The Organization of the Petroleum Exporting Countries (OPEC) reported its first collective budget deficit in 18 years. OPEC's petroleum export revenue declined by almost half in 2015, slumping by 46% to $518.2 billion from 2014, according to its annual statistical report.

The results do not include Gabon, which rejoined the group in June but includes Indonesia, which returned last year. The value of exports fell by 29.1% year-on-year, while the imports dropped by 8.7%. The report added that the cartel’s budget deficit stood at $99.6 billion in 2015, after logging a surplus of $238.1 billion in 2014. (See also: OPEC Leaves Oil Market on Autopilot.)

Statistics underline that the oil-price plunge, which started in the second-half of 2014, weighed on the crude-dependent economies. The turbulence began with the global oil surplus led by accelerated production in the U.S. and a sluggish Chinese demand. Meanwhile, OPEC members failed to curb excess production, which resulted in oil trading at around $50 a barrel today, down from $96.29 in the preceding year.

U.S. output grew by 8.3% in 2015, the biggest increase in the world. Global crude production edged up to 1.75 million barrels per day, the second-highest increase in 10 years. It was during the 1998 financial crisis, which crashed the Asian economies, that OPEC also posted a collective deficit. Additionally, competition for market share between Iran and Saudi Arabia pushed down crude oil prices to $10. Before falling to $27 per barrel this January, oil prices had rebounded to $115 per barrel by mid-2014. (See also: How OPEC (and Non-OPEC) Production Affects Oil Prices.)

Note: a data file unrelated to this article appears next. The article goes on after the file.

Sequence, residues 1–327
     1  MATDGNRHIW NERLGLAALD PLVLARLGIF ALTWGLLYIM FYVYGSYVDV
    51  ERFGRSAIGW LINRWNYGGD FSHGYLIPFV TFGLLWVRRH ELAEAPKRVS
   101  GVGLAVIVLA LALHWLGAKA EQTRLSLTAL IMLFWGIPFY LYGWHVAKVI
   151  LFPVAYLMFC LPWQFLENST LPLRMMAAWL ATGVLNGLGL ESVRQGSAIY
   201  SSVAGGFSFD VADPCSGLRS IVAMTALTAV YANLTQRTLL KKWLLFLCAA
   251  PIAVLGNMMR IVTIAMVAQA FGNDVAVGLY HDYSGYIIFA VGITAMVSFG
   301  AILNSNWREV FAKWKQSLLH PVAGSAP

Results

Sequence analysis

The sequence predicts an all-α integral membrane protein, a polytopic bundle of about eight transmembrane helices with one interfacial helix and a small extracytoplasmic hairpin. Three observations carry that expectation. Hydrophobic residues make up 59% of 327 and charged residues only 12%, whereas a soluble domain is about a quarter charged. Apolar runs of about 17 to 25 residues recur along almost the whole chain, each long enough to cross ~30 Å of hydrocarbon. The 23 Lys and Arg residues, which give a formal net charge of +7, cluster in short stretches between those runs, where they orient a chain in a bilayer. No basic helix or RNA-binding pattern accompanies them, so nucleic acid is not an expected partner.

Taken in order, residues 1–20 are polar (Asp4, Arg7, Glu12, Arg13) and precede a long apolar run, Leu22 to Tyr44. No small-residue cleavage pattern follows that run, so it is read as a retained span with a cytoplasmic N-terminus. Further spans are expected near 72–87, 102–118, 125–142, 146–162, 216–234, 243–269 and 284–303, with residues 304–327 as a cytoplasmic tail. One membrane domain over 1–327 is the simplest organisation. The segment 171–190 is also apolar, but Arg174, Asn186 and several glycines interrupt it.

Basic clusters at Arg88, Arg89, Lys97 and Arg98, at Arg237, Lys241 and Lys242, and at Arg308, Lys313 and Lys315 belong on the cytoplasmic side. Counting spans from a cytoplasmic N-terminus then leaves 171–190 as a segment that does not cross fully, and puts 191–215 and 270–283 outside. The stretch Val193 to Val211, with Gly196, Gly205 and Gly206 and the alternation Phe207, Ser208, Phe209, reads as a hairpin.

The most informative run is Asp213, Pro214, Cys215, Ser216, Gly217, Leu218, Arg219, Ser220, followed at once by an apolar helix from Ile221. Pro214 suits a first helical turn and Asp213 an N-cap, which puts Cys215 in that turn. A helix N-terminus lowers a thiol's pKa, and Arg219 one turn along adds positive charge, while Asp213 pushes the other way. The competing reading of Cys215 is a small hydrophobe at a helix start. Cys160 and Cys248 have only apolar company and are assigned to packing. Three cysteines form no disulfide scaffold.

Saudi export income has been significantly affected, falling sharply since 2013. According to the World Bank, the member country hurt most by declining revenues is Venezuela.  It is suffering from scarcity of food and medicine and has logged a budget deficit of around 20% of GDP. After spending its foreign reserves, the country barely escaped from defaulting on a $1.5 billion bond in February.

Out of all OPEC members, only four countries maintained their current account in surplus last year: Qatar, Kuwait, the UAE, and Iran.  

The Bottom Line

Global crude demand was up by 1.7% to 93 million barrels a day in 2015.  The highest demand growth came from the Middle East, Africa, and Asia Pacific. Measures taken to curb the slide in oil prices have further added to the budget woes of OPEC member countries.